How To Pay for Study Abroad

You can use financial aid, scholarships, student loans, 529 accounts and savings to pay for study abroad.
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Written by Eliza Haverstock
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Studying abroad in college is a unique opportunity to expand your horizons, build valuable skills and prepare for the global workforce — and it might be more affordable than you think.

An exchange program offered by your U.S. university could be the easiest and most affordable route, since your school will already know how to process your financial aid for these programs. For many U.S. students, study abroad costs can be comparable to those of your home university, thanks to scholarships, student loans and other types of financial aid.

Though there are many ways to pay for study abroad, it’s best to minimize the amount of money you borrow. Here are the top ways to pay.

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Apply for study abroad scholarships

Consider applying for scholarships and grants, which are a type of “gift aid” you won’t need to pay back. The State Department’s USA StudyAbroad website lists dozens of study abroad scholarships offered by both the U.S. and foreign governments. Your home institution’s study abroad office may also have a list of suggested scholarships.

You can typically use the need-based Pell Grant to pay for study abroad, as long as your program takes place during a standard academic term. Undergraduate students who receive Pell Grants can also apply to the State Department’s Benjamin A. Gilman International Scholarship. It awards students up to $5,000 to pay for study abroad, or up to $8,000 if they study a “critical need” language while abroad.

Explore institutional aid

Your U.S. college might offer special loans and grants to help students study abroad.

For example, Syracuse University distributes short-term loans to students with financial need to cover the cost of a plane ticket to their program, which students repay without added interest once financial aid funds hit their bank accounts. The University of Wisconsin-Madison awards scholarships of up to $5,000 to its students who participate in semester-long study abroad programs.

Check with your study abroad office for more information.

Check 529 account rules for study abroad

If your parents contributed to a 529 college savings account, you may be able to use those funds for study abroad. Generally, you can use 529 money to cover standard expenses like tuition, program fees, housing and textbooks when studying abroad. Additional costs like transportation, international health insurance, weekend travel and basic daily living expenses aren’t eligible for 529 funds.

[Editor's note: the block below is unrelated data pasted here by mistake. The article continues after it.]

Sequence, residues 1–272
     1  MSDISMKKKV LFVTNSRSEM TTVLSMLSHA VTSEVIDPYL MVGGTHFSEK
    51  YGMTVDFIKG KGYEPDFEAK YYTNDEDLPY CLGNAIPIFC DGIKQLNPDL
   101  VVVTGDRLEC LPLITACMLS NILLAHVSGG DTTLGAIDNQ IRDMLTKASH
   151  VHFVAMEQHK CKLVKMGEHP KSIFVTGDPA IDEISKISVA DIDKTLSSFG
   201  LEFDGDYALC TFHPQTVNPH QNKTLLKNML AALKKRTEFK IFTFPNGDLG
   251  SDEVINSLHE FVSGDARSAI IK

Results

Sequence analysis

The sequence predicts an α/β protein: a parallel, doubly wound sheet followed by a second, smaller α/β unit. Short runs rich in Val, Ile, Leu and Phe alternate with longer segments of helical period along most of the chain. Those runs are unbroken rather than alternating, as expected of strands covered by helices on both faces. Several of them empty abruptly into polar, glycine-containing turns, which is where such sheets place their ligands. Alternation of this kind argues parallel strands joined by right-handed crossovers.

529 withdrawal rules vary by state. If you use 529 funds for non-qualified study abroad expenses, you'll have to pay taxes and a 10% penalty on the earnings.

Pull from your savings

If you have remaining costs after scholarships and other gift aid, consider tapping your savings before turning to student loans, which you’ll have to pay back with interest.

You can get creative to build out your savings account before you study abroad. Ask relatives to contribute to a study abroad fund instead of giving you holiday gifts, and thank them for their support. Hold a carwash or yard sale. Get a part-time job over the summer. Request your sibling pay you for use of your car while you’re gone.

Use federal student loans

If you’re eligible to receive federal financial aid at your U.S. university, you may be able to use it for study abroad. That includes all types of federal student loans. If your study abroad program is more expensive than your home university, you may also be able to request a larger financial aid package through your financial aid office.

Your college will process your study abroad financial aid, so federal student loans are typically available only for exchange programs or other study abroad programs sponsored by your university. Check with your study abroad or financial aid office if you have any questions.

You must submit the Free Application for Federal Financial Aid (FAFSA) in order to qualify for loans and grants from the government.

Consider private student loans

If you have exhausted all other funding options, private student loans can help you fill in gaps. Lenders like College Ave and Sallie Mae offer student loans that can be used for study abroad.

Private loans should be a last resort. They don’t typically offer the same protections and perks as federal student loans, like loan forgiveness programs or monthly payments capped at a certain percentage of your income.

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